My research involves the vibrations of molecules and molecular complexes, often in the crystalline solid state, using both experimental and theoretical methods. The experimental methods include IR and Raman spectroscopy and inelastic neutron scattering. The theoretical methods include conventional Gaussian calculations of isolated molecules or clusters and periodic methods that take the crystal lattice into account. Much of this work involves the study of the motions (including the zero point level) of H atoms and often the replacement of H by D. Replacement of H by D in alkanes results in changes in the NMR chemical shift of the remaining H atoms and in 13C resonances. This is due to the change in the distribution of positions sampled by D vs. H in the ground vibrational state. Exchange of D for H in hydrogen bonded crystals results in changes in different changes in the zero point and thermal energy for distinct polymorphic forms of the material. In some cases a different form is obtained with D than H.
Inelastic neutron scattering (INS) spectroscopy is a technique of vibrational spectroscopy that differs from IR and Raman spectroscopy in several respects. One of these is that there are no selection rules in INS so that many vibrations that are not seen by the optical methods can be observed. The unique feature of INS is that the intensity of vibrational transitions is dominated by motions of the hydrogen atoms in the material. If hydrogen is present it dominates the scattering. For example, methyl rotations, which are very weak in other kinds of spectra, are very strong in INS. All other atoms, including deuterium, do not scatter appreciably by comparison. This permits selective deuteration experiments in which parts of a sample are "removed" by substitution of D for H. Most of our inelastic neutron scattering experiments are performed at the ISIS facility of the Rutherford Appleton Laboratory (www.isis.rl.ac.uk) near Oxford, England using the spectrometer called TOSCA (www.isis.rl.ac.uk/molecularspectroscopy/tosca/). A new Spallation Neutron Source (SNS) has just been put into operation at Oak Ridge National Laboratory (http://neutrons.ornl.gov/aboutsns/aboutsns.shtml) which we will use soon.
INS spectra can be very easily computed from known atomic scattering cross sections. This can be used to establish the specific tautomeric form present in a crystal (as shown in the figure) or to determine the conformation present (which we have done for cycloalkanes and cycloalkenes). We have recently used Raman spectroscopy to establish the conformation of the strained hydrocarbon trans-cyclooctene. In the complex 4-methylpyridine:pentachlorophenol the hydrogen bond proton moves as the temperature is lowered. This has been explained on the basis of periodic calculations. Proton motion also happens in L-alanine alaninium nitrate, an analogue of a well-known ferroelectric material, digylcine nitrate. In cases like the Zundel cation ([H2O-H-OH2]+) the H (or D) atom may have two equivalent positions at large OO separation or a flat "quartic oscillator" at observed OO distances. This results in peculiar vibrational spectra.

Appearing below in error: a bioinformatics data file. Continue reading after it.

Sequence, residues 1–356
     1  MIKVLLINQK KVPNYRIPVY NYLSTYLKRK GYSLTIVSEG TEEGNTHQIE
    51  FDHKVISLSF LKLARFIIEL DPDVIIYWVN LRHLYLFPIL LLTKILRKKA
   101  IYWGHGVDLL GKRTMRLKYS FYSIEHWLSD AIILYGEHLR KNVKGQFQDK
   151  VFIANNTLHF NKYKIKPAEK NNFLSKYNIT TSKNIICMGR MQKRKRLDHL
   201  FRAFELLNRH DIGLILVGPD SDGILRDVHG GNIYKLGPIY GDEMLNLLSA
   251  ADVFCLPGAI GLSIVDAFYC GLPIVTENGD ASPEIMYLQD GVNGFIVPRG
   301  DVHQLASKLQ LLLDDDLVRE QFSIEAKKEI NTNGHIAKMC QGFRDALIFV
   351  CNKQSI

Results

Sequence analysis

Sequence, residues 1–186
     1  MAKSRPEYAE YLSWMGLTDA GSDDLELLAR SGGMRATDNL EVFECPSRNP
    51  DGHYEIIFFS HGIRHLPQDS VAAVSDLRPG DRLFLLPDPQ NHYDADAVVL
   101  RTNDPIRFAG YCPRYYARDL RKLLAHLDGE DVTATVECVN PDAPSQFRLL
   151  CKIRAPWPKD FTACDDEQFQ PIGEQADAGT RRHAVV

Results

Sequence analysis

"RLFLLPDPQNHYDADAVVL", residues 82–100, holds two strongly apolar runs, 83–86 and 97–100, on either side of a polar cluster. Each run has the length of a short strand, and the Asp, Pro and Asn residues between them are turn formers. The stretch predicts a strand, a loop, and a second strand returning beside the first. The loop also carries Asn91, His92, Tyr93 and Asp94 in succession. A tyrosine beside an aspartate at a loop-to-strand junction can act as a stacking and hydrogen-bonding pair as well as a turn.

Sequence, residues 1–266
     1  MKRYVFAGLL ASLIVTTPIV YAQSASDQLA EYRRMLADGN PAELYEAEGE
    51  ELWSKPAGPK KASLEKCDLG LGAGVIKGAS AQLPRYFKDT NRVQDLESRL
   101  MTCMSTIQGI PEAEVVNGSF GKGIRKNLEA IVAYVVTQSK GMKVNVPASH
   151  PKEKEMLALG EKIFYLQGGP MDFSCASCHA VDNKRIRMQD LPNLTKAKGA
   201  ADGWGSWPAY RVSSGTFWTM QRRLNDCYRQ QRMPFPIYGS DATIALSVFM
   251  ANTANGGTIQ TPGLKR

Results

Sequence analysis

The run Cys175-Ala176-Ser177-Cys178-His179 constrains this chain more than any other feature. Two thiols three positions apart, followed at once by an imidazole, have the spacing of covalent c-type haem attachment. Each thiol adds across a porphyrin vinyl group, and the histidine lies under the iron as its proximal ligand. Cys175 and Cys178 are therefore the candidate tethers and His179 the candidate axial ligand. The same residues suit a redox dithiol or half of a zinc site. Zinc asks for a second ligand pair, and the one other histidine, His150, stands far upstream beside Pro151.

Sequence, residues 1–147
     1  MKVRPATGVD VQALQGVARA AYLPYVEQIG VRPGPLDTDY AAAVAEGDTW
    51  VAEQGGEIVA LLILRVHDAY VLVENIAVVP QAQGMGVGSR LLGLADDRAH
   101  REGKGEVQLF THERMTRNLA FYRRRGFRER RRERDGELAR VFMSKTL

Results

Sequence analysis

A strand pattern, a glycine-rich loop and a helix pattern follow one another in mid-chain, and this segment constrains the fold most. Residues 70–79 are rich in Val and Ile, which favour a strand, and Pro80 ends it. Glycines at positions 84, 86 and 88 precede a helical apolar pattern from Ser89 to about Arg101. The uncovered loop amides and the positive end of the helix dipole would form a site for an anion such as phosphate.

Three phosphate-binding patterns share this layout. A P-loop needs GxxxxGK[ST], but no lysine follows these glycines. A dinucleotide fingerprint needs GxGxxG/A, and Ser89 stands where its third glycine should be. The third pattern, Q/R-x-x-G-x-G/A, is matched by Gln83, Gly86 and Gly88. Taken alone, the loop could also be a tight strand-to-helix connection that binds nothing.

A double minimum potential has been proposed to explain the properties of the infinite conjugated polymer polyacetylene. Specifically, it has been thought that this results in stable bond alternation. However, given that the vibration that interchanges the bonds is near 1500 cm-1 means that the barrier height is insufficient for the zero point level to be below the barrier. This means that polyacetylene should be a conductor.
Another new project of the Hudson Lab involves studies of polymorphic pharmaceutricals and new methods for obtaining them. This includes the use of deuterium exchange and separation of polymorphic forms using density gradient methods. This work is carried out in collaboration with Jack Melton, Research Professor, who has extensive experience in the pharmaceutical industry.
Kulterer, M. R.; Hudson, B. R., Raman spectra and simulation of cis- and trans-cyclooctene for conformational analysis compared to inelastic neutron scattering. J. Raman Spectroscopy, in press.
Hudson, M. R.; Allis, D. G; Ouellette, W.; Hudson, B.S. L-Alanine Alaninium Nitrate, a Homologue of a Ferroelectric Material. Phys. Chem. Chem. Phys. 2009, 11, 9474.
Hudson, M. R.; Allis, D. G.; Hudson, B. S. The inelastic neutron scattering spectrum of nicotinic acid and its assignment by solid-state density functional theory. Chem. Phys. Lett. 2009, 473(1-3), 81-87.
O'Leary, D. J.; Allis, D. G.; Hudson, B. S.; James, S.; Morgera, K. B.; Baldwin, J. E. Vicinal Deuterium Perturbations on Hydrogen NMR Chemical Shifts in Cyclohexanes. J. Am. Chem. Soc. 2008, 130, 13659-13663.
Rivera, S. A.; Allis, D. G.; Hudson, B. S. Importance of Vibrational Zero-Point Energy Contribution to the Relative Polymorph Energies of Hydrogen-Bonded Species. Cryst. Growth Des. 2008, 8(11), 3905-3907.